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The Harvesters

by Kilian Melloy
Thursday Apr 18, 2019
'The Harvesters'
'The Harvesters'  

Writer-director Etienne Kallos impresses with his debut feature, "The Harvesters."

Janno (Brent Vermeulen) is about 15, and growing up in a farm in the Free State province of South Africa. His parents, like the people of heir rural community, are intensely religious; Janno suppresses his desires for his best friend, gets up early to work the fields, plays rugby on the grasslands with his buddies, and prays right along with his family and congregation, his hand clasped in theirs.

Then his mother, Marie (Juliana Venter), brings home a street-tough city boy named Pieter (Alex Van Dyk), a watchful, withdrawn, and clearly traumatized 13-year-old who's had to sell his body to survive. "Did you have to choose the roughest one?" Janno's father, Jan (Morné Visser) grumbles. But to Marie, Pieter is a gift from God; he may suffer from nightmares and, at the beginning, the symptoms of drug withdrawal, but she sees it as her duty to God to take him in, adopt him, and guide him to salvation both in this world and the next.

The two boys quickly forge a relationship that's part mutual contempt and part fraternal friendship — though the friendship is strained, since each can see in the other the ways in which neither of them fit in. Pieter shows an enthusiastic interest in girls, but he's not shy about acknowledging that he's been "gay for pay" in the past (and still might be), even going to far, at one juncture, as to quote his prices to an interested older man ("300 for anything above the belt; 600 for anything below"). Pieter is a wild child who initially rejects the family's churchgoing ways ("You're all brainwashed," he mutters, sitting in the car and staring out at the church in dismay); his own foster sisters — Marie and Jan's several small girls, all adopted — even wonder whether Pieter is, like then, Afrikaans, given his hostile affect and poor manners. Yes, he is, Marie assures them — and that, she notes at another point, is very much to the point. White Afrikaans people are, she believes, dying out. It's important for them to help their own kind.

This point of cultural reference, along with several mentions to "farm murders" that worry the locals, is helpful to American viewers, echoing as it does the belief — among U.S. conservatives as those elsewhere — that white South African farmers have become the targets of some sort of racially-motivated conspiracy of genocide. (Most sources note that black farmers are murdered far more frequently than white farmers in South Africa.) Fervent religiosity; a sense among whites that they are marked for eradication; a hint of our opioids crises in the way Pieter, at his young age, has experienced addiction. What Midwestern gay kid won't pick up on these resonances and sympathize with Janno as he struggles against mounting panic that the newcomer is going to supplant him?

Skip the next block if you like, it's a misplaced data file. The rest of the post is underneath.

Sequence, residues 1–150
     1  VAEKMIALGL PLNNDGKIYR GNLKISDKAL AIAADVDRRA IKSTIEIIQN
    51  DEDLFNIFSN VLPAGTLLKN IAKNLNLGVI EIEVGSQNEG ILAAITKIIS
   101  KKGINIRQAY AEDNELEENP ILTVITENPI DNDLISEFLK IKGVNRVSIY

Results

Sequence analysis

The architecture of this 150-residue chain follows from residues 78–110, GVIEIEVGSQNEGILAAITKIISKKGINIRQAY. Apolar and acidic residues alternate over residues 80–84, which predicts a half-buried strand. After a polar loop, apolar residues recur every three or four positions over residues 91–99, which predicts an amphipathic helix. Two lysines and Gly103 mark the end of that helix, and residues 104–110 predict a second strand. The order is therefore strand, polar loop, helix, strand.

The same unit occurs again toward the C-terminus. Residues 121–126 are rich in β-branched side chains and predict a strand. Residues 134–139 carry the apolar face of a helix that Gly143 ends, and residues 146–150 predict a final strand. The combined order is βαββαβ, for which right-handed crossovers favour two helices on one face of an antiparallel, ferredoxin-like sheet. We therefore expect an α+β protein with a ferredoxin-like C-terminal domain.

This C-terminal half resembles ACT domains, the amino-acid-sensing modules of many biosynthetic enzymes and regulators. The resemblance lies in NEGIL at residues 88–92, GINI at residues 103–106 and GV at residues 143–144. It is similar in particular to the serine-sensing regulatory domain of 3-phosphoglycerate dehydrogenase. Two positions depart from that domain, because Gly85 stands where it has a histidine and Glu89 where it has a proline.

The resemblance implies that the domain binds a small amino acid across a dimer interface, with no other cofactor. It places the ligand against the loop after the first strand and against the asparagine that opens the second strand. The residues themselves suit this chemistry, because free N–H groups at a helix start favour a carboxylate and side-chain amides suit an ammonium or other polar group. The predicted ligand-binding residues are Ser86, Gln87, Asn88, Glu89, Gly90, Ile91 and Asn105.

And indeed, as the film progresses, a kind of role reversal does begin to take effect, some of it born from Janno's own sense of otherness and some of it the result of Pieter's sly psychological warfare. It can't help when Janno's senile grandfather mistakes him Pieter and calls him a "faggot" and "trash" — Janno wonders, as we also must, whether the old man really is confusing the two boys, or whether he sees more deeply into Janno's forbidden desires than Janno would want him to? Then there's the moment Janno witnesses Marie consoling Pieter in the most tenderly maternal way and then, not long after, finds her kneeling in the fields, holding up handfuls of earth like a supplicant and praying for God to "make him strong, make his blood string, make his seed strong" — a slightly creepy invocation that she used to pray for Janno's benefit.

A showdown is imminent, and, given the way the movie is steeped in the hardcore rural faith of its setting, hellfire (or some equivalent of it) is sure to play a part. Part thriller, part erotic drama (albeit with the eros mostly submitted), "The Harvesters" yields a cinematic bounty and might well make new stars of its director and two main actors.

Kilian Melloy serves as EDGE Media Network's Assistant Arts Editor. He also reviews theater for WBUR. His professional memberships include the National Lesbian & Gay Journalists Association, the Boston Online Film Critics Association, The Gay and Lesbian Entertainment Critics Association, and the Boston Theater Critics Association's Elliot Norton Awards Committee.

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